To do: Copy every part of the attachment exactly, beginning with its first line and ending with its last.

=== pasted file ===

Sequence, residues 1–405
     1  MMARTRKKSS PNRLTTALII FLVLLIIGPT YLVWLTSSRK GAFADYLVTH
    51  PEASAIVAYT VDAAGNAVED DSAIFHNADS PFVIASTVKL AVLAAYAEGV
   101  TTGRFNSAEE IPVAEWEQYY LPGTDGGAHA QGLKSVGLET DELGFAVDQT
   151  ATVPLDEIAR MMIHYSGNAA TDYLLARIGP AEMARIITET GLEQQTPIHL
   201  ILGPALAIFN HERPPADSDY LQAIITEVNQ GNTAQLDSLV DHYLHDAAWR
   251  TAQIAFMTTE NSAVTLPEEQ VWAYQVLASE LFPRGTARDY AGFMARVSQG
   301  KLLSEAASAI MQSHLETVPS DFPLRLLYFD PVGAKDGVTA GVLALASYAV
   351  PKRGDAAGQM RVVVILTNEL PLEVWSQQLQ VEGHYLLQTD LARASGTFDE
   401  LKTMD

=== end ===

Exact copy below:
Sequence, residues 1–405
     1  MMARTRKKSS PNRLTTALII FLVLLIIGPT YLVWLTSSRK GAFADYLVTH
    51  PEASAIVAYT VDAAGNAVED DSAIFHNADS PFVIASTVKL AVLAAYAEGV
   101  TTGRFNSAEE IPVAEWEQYY LPGTDGGAHA QGLKSVGLET DELGFAVDQT
   151  ATVPLDEIAR MMIHYSGNAA TDYLLARIGP AEMARIITET GLEQQTPIHL
   201  ILGPALAIFN HERPPADSDY LQAIITEVNQ GNTAQLDSLV DHYLHDAAWR
   251  TAQIAFMTTE NSAVTLPEEQ VWAYQVLASE LFPRGTARDY AGFMARVSQG
   301  KLLSEAASAI MQSHLETVPS DFPLRLLYFD PVGAKDGVTA GVLALASYAV
   351  PKRGDAAGQM RVVVILTNEL PLEVWSQQLQ VEGHYLLQTD LARASGTFDE
   401  LKTMD